Baudelaire (bōd-lār), Charles Pierre, French poet, born 1821. His first work of importance was a series of translations from Poe, ranking among the most perfect translations in any literature. A volume of poems, Les Fleurs du Mal (1857), established his reputation as a leader of the Romanticists, though the police thought it necessary to deodorize them. Of a higher tone were his Petits Poèmes en Prose; followed in 1859 by a monograph on Théophile Gautier, in 1860 by Les Paradis Artificiels (opium and hashish studies), and in 1861 by Wagner et Tannhäuser à Paris. He died in 1867. The best English rendering of the Fleurs du Mal is by A. Symons (1905).—Bibliography: Henry James, French Poets and Novelists; Asselineau, Charles Baudelaire, sa vie et son œuvre; F. Gautier, Charles Baudelaire.
Baudelaire was born in Paris. His father, a senior civil servant and an amateur artist, died in 1827, and in the following year his mother married a lieutenant colonel named Aupick, who later became a French ambassador to various courts. Baudelaire was educated in Lyon and at the Collège Louis-le-Grand in Paris. On gaining his degree in 1839 he decided to embark upon a literary career, and for the next two years led a somewhat irregular life. It is believed that he contracted syphilis during this period. To straighten him out, his guardians, in 1841, sent him on a voyage to India. When he returned to Paris, after less than a year's absence, he was of age; but in a year or two his extravagance threatened to exhaust his small inheritance, and his family obtained a decree to place his property in trust. It is in this period that he met Jeanne Duval, who was to become his longest romantic association.
His art reviews of 1845 and 1846 attracted immediate attention for the boldness with which he propounded his views: many of his critical opinions were novel in their time, but have since been generally accepted. He took part in the revolutionaries in 1848, and for some years was interested in republican politics, but his political convictions spanned the anarchism of Pierre-Joseph Proudhon, the history of the Raison d'Ëtat of Giuseppe Ferrari, and ultramontane critique of liberalism of Joseph de Maistre. Baudelaire was a slow and fastidious worker, and it was not until 1857 that he produced his first and most famous volume of poems, Les Fleurs du mal ("The Flowers of Evil"). Some of these had already appeared in the Revue des deux mondes, when they were published by Baudelaire's friend Auguste Poulet Malassis, who had inherited a printing business at Alençon. The poems found a small but appreciative audience, but greater public attention was given to their subject matter. The principal themes of sex and death were considered scandalous, and the book became a by-word for unwholesomeness among mainstream critics of the day. Baudelaire, his publisher, and the printer were successfully prosecuted for creating an offense against public morals. In the poem "Au lecteur" ("To the Reader") that prefaces Les fleurs du mal, Baudelaire accuses his readers of hypocrisy and of being as guilty of sins and lies as the poet:
... If rape or arson, poison, or the knife
Has wove no pleasing patterns in the stuff
Of this drab canvas we accept as life—
It is because we are not bold enough!
(Roy Campbell's translation)
Six of the poems were suppressed, but printed later as Les Épaves ("The Wrecks") (Brussels, 1866). Another edition of Les fleurs du mal, without these poems, but with considerable additions, appeared in 1861.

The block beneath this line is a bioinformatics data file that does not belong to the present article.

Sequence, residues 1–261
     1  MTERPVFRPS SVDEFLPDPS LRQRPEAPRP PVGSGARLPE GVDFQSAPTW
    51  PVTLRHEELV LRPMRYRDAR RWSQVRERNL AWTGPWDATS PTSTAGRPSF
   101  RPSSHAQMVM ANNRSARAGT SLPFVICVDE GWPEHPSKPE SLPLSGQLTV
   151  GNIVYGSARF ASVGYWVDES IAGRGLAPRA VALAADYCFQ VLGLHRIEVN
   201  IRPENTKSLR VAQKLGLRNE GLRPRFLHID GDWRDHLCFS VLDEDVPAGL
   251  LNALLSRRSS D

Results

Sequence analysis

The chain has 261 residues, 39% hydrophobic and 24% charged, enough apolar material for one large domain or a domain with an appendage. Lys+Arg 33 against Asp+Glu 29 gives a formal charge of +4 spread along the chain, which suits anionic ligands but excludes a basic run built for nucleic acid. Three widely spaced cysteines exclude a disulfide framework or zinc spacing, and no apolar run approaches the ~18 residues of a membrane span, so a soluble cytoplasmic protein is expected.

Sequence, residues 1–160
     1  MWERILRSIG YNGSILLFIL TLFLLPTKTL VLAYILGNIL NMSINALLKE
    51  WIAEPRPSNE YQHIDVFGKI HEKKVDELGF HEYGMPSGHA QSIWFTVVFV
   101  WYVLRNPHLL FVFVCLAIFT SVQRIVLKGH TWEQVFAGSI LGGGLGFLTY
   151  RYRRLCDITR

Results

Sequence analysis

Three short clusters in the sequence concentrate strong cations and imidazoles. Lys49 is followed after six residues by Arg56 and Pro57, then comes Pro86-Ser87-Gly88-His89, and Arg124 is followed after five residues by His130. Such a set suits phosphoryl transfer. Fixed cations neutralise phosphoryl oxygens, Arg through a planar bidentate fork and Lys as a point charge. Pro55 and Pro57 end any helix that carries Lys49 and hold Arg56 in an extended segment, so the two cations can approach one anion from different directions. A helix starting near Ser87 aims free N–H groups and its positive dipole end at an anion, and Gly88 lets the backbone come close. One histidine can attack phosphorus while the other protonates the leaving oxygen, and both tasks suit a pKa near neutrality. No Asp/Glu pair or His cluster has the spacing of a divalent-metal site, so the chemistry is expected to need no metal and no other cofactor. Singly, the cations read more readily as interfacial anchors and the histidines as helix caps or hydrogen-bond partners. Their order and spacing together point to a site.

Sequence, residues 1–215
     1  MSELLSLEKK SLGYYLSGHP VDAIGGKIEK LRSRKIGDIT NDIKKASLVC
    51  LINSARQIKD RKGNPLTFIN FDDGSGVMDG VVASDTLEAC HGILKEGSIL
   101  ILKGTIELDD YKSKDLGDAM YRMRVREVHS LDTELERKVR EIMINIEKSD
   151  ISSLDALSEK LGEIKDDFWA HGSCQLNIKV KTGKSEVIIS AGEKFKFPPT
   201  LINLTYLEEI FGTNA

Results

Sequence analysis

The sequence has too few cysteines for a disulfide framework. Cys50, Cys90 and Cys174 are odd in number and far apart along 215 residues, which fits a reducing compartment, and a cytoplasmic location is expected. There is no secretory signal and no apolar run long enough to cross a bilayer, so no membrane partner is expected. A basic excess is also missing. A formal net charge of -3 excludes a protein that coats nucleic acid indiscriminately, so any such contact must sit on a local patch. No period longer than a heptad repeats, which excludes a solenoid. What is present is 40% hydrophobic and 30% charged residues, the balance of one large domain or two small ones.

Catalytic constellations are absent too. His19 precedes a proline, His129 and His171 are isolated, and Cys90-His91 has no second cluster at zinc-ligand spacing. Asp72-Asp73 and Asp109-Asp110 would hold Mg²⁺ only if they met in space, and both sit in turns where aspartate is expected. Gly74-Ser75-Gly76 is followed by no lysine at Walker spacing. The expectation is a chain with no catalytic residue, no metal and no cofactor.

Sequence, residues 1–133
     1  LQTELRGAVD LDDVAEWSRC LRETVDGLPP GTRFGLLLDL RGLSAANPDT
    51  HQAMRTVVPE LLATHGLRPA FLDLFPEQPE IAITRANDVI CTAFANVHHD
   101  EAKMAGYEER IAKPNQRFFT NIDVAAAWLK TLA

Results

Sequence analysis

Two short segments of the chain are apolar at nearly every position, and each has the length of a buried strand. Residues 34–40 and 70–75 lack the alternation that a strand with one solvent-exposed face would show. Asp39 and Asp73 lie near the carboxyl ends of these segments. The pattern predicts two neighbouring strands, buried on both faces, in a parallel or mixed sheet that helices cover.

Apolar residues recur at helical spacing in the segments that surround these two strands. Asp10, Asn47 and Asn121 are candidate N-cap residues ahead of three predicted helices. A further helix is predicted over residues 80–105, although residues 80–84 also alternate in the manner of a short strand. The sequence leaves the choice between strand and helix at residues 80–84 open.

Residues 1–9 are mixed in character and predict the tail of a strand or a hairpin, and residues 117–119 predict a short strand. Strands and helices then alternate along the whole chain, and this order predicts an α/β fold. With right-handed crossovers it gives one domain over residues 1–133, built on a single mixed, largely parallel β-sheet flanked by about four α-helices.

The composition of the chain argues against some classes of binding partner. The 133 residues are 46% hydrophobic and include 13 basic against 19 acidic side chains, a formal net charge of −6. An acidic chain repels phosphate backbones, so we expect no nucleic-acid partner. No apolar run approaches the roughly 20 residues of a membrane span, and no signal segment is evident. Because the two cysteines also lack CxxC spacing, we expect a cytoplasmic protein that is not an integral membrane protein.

His other works include Petits Poèmes en prose ("Small Prose poems"); a series of art reviews published in the Pays, Exposition universelle ("Country, World Fair"); studies on Gustave Flaubert (in Lartisge, October 18, 1857); on Théophile Gautier (Revue contemporaine, September, 1858); various articles contributed to Eugene Crepet's Poètes francais; Les Paradis artificiels: opium et haschisch ("French poets; Artificial Paradises: opium and hashish") (1860); and Un Dernier Chapitre de l'histoire des oeuvres de Balzac ("A Final Chapter of the history of works of Balzac") (1880), originally an article entitled "Comment on paye ses dettes quand on a du génie" ("How his debts are paid when one has genius"), in which his criticism turns against his friends Honoré de Balzac, Théophile Gautier, and Gérard de Nerval.
Baudelaire had learned English in his childhood, and Gothic novels, such as Lewis's The Monk, became some of his favorite reading matter. In 1846 and 1847 he became acquainted with the works of Edgar Allan Poe, in which he found tales and poems which had, he claimed, long existed in his own brain but never taken shape. From this time till 1865 he was largely occupied with his translated versions of Poe's works, which were widely praised. These were published as Histoires extraordinaires ("Extraordinary stories") (1852), Nouvelles histoires extraordinaires ("New extraordinary stories") (1857), Aventures d'Arthur Gordon Pym (see The Narrative of Arthur Gordon Pym), Eureka, and Histoires grotesques et sérieuses ("Grotesque and serious stories") (1865). Two essays on Poe are to be found in his Oeuvres complètes ("Complete works") (vols. v. and vi.).
Meanwhile his financial difficulties increased, particularly after his publisher Poulet Malassis went bankrupt in 1861, and in 1864 he left Paris for Belgium, partly in the hope of selling the rights to his works. For many years he had a long-standing relationship with a bi-racial woman, Jeanne Duval, whom he helped to the end of his life. He had recourse to opium, and in Brussels he began to drink to excess. He suffered a massive stroke in 1866 and paralysis followed, and the last two years of his life were spent in "maisons de santé" in Brussels and in Paris, where he died on August 31, 1867. Many of his works were published posthumously.
He is buried in the Cimetière du Montparnasse, Paris.